Telus Corporation (TSX: T)(NYSE: TU) announced solid third-quarter results, but the cash flow was negatively impacted by higher finance and tax charges and increased capital expenditures. The dividend was increased by 11%, and a considerable number of shares have been repurchased from the market.
Telus management has also committed to continue the dividend growth rate of 10% per year until 2016 and to continue with the share repurchase program. The question is whether this rate of capital return to shareholders is sustainable.
Solid third-quarter results
Profit for the third quarter amounted to $387 million, which on an adjusted basis was 6% higher than the year before. Revenue increased by 5.4%, and with operating expenses 6% higher, operating income increased by 2.7%. As a result of considerable share repurchases, earnings per share rose by 10% to $0.64. The overall result was better than expected.
Telus is forecasting profit-per-share growth of between 11%-20% for the full year, and indications are that this target will be reached.
Sound all-around operational performance
In the wireless segment, the operating metrics all moved in the right direction during the quarter, with the number of subscribers increasing by 2.3%, average revenue per user by 3.2%, and user churn down slightly. Data network revenue increased by 24% during the quarter, reflecting higher data usage from continued adoption of smartphones and other data-centric wireless devices.
Equally positive from the business profitability perspective was the 3.8% increase in the number of post-paid users, which carry considerably higher average revenues than prepaid users. Adjusted EBITDA in this division increased by 5% to $718 million, although margins were slightly lower compared to the previous year.
The wireline division fared equally well, with strong year-over-year subscribers increases recorded in the high-speed Internet (+5.7%) and TV categories (+14.4%). The secular decline in local and international fixed phone lines continued, although the rate of decline moderated somewhat. Adjusted EBITDA increased by 3.3% to $377 million during the quarter, while margins moved marginally higher.
Reduced cash-flow generation and higher debt
As a result of higher income taxes and interest payments, operating cash flow was somewhat lower during the first nine months of the year but still represented a high cash conversion rate of 28% of revenue. As a result of considerably higher capital expenditures, free cash flow declined by 21% to $720 million in the first three quarters of the year.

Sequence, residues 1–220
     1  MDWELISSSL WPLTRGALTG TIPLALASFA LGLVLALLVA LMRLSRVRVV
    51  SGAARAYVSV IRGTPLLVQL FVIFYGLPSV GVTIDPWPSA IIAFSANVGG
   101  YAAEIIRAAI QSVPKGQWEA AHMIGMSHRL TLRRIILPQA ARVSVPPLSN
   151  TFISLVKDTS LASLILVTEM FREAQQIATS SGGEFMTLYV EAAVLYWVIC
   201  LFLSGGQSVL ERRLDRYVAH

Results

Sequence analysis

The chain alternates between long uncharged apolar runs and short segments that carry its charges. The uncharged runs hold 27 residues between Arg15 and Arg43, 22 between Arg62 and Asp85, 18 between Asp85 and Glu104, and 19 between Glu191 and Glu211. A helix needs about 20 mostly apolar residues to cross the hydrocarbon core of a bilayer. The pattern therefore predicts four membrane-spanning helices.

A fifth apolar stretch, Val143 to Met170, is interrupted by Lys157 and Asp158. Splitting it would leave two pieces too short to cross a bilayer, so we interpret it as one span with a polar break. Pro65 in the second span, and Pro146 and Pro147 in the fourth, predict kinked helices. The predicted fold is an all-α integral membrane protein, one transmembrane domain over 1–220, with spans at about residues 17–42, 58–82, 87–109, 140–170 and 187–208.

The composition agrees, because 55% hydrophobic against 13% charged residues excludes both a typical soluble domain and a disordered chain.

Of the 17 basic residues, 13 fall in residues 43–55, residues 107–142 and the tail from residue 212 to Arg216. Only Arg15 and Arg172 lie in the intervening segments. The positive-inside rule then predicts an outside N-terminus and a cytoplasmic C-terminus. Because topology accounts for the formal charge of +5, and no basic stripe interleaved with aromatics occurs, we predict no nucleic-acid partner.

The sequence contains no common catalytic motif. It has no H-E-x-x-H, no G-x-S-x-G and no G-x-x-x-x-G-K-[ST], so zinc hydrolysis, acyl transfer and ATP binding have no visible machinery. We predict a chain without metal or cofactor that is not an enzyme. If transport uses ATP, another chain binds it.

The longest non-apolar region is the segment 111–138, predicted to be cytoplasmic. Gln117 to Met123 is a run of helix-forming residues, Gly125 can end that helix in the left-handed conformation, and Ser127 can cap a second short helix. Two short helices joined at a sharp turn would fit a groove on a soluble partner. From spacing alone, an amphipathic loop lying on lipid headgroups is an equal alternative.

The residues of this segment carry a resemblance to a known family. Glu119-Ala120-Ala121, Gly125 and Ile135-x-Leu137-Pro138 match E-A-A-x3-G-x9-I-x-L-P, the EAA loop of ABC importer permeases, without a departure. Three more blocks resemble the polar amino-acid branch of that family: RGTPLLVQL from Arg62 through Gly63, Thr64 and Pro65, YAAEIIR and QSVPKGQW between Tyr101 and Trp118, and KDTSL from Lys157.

Telus is a prolific cash generator, and the current year decline in free cash flow should be reversed as considerable investments in broadband infrastructure (to support the rollout of the newly acquired 700 MHz spectrum and fibre-optic cable connections) start to enhance profits.
Telus increased its dividend payment for the fourth quarter by 11%, to $0.40, and also completed the acquisition of 2.1% of the outstanding shares valued at $500 over the past year. Approval has been obtained for the purchase of another 2.6% of the outstanding shares over the next year.
Free cash flow is still covering the dividend payments so far this year. But the substantial share repurchases, combined with a $1.1 billion cash payment for the additional 700 MHz spectrum, resulted in an increase of the net debt to $9.3 billion. The debt-to-capital ratio is now fairly high at 53% compared to 50% last year.
High-quality business with an attractive dividend payment profile
The positive investment case for Telus is based on the sound historical track record, competitive market position, strong cash-flow generation and considerable distributions to investors through dividends and share repurchases.
The company is committed to grow the dividend at a rate of 10% per year until 2016 and to continue the share repurchase program. Given the outstanding track record and the sound operating and financial performance, there is no reason to suspect that this will not be sustainable.
The valuation of the company is reasonable, with an EV/EBITDA valuation of around 7.7 times, a price-to-earnings ratio of 15.9, and a dividend yield of 3.9% for the next 12 months. This valuation is at a slight premium to its Canadian peers but probably well-deserved given the quality of the business.
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This article represents the opinion of the writer, who may disagree with the “official” recommendation position of a Motley Fool premium service or advisor. We’re Motley! Questioning an investing thesis — even one of our own — helps us all think critically about investing and make decisions that help us become smarter, happier, and richer, so we sometimes publish articles that may not be in line with recommendations, rankings or other content.
Fool contributor Deon Vernooy, CFA has no position in any stocks mentioned.